26 minutes outside my PB, but far faster than I thought was possible given how tired I was and how early on my legs started aching. So very happy with that. And I managed to get the eating and drinking right. A couple of biscuits eaten on the go after each checkpoint, plus a gel and a salt tablet during each stage worked well. The OMM front pack is really comfy and keeps the snacks easily to hand, when I don’t want/need to carry a bigger rucksack with belt pockets. And a 650ml bottle of water (instead of the two 750ml bottles I used to haul around...) was plenty.
I’m now wondering about whether I could ever run a sub 10 hour 50. At Round Rotherham probably not (or at least I’d have to be in really good shape and have a perfect day to even get close). But on a pancake flat course? Maybe...
So Thames Trot next year? Or maybe go the whole hog and try a track race?...
photo © Copyright Christopher Thomas and licensed for reuse under this Creative Commons Licence
Beforehand my goals were to
- i) beat my 2009 time of 9.43
In retrospect i) was never going to happen, and in fact it took a concerted effort to squeak inside 2010’s 9.59. I didn’t strictly speaking manage ii) either, having a couple of short walk breaks on the steeper bits. But I did take 6 minutes off my 2010 time for that stretch, which I’ll take as a mini result.
The weather at the start was foul and (after a last minute change of clothes which left the back seats of the car covered in sudocream....) I set off in long tights and a fairly heavy duty jacket. I was also trying out a new bit of kit-an OMM front pack attached to my 10l OMM ‘last drop’ rucksack. I really like this pack for ‘shortish’ races without a huge kit list, but the lack of easy access pockets for food is a problem
The weather cleared up soon after the start and I had to stop, unfasten the front pack, remove my raincoat and then reattach it. Which took forever (or a couple of minutes at least). Rushup edge felt like a bit of a struggle, although not as much of a struggle as the splits revealed afterwards. I was, on average, 2 minutes a mile slower on that stretch than last year. Where have my (pretty crap in the first place) climbing legs gone?...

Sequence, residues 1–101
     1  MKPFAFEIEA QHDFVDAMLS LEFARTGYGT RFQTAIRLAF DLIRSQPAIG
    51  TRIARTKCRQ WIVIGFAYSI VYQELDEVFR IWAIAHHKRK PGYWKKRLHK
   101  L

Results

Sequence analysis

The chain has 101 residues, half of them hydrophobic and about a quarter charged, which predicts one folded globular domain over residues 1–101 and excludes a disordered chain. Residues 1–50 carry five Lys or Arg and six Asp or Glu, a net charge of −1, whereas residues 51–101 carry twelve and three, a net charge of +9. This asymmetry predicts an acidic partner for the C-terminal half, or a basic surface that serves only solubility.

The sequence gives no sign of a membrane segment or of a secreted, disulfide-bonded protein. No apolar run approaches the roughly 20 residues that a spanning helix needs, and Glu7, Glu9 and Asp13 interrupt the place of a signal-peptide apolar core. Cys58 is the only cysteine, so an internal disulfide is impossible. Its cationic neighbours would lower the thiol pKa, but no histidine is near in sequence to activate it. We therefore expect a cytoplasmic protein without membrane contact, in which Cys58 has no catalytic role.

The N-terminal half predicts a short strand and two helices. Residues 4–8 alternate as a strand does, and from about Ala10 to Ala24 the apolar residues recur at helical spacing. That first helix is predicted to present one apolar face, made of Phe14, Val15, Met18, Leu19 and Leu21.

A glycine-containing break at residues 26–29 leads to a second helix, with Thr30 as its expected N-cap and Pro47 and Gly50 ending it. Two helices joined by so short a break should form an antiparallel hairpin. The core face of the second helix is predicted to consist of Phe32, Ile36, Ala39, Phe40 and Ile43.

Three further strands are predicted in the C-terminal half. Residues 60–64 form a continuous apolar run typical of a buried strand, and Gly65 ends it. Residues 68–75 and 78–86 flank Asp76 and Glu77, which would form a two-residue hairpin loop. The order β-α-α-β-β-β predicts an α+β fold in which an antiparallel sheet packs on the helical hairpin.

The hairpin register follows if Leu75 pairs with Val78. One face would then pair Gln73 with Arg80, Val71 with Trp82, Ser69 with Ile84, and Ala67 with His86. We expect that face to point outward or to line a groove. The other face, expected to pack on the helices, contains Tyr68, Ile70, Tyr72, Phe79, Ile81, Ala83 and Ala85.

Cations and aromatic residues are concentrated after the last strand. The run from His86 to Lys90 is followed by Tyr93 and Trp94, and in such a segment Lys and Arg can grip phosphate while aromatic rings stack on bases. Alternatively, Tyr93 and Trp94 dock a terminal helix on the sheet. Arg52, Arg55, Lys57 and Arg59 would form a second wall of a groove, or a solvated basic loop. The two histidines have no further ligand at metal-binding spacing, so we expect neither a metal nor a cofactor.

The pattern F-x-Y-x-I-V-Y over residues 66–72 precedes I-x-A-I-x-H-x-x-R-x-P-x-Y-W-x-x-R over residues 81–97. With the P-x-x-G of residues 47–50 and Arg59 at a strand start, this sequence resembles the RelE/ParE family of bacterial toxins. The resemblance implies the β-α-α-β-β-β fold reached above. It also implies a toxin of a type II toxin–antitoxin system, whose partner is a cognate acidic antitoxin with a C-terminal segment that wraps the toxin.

It started raining heavily coming down from Hollins Cross, so it was back off with the front pack and on with the raincoat. The climb out of Castelton was slow again. And then it stopped raining again and I was overheating and the jacket had to come off again. I was seriously rueing not having worn a lighter jacket which would have coped with the rain without boiling me. Hopefully getting the front pack on and off will get easier/quicker with practice...
By keeping running through Tideswell (and past a bloated dead sheep) I was gradually passing people who were walking. The one problem was food. I was planning on supplementing gels with biscuits and snacks from the checkpoints. But they mostly had sweet flapjacks which I was struggling to eat (note to self: carry a back up stash of savoury biscuits in future).
The climb out of Deep Dale 1 wasn’t too bad and then on to the road of doom. And with a combination of counting footsteps and inventing pace and heart rate goals, I ran all but a couple of hundred metres of it, making up the time I’d lost on the big off-road climbs.
The last couple of miles were a bit of plod (probably due to not taking on enough calories), but I managed to just make it round inside last year’s time.
Photo © Copyright Christopher Thomas and licensed for reuse under this Creative Commons Licence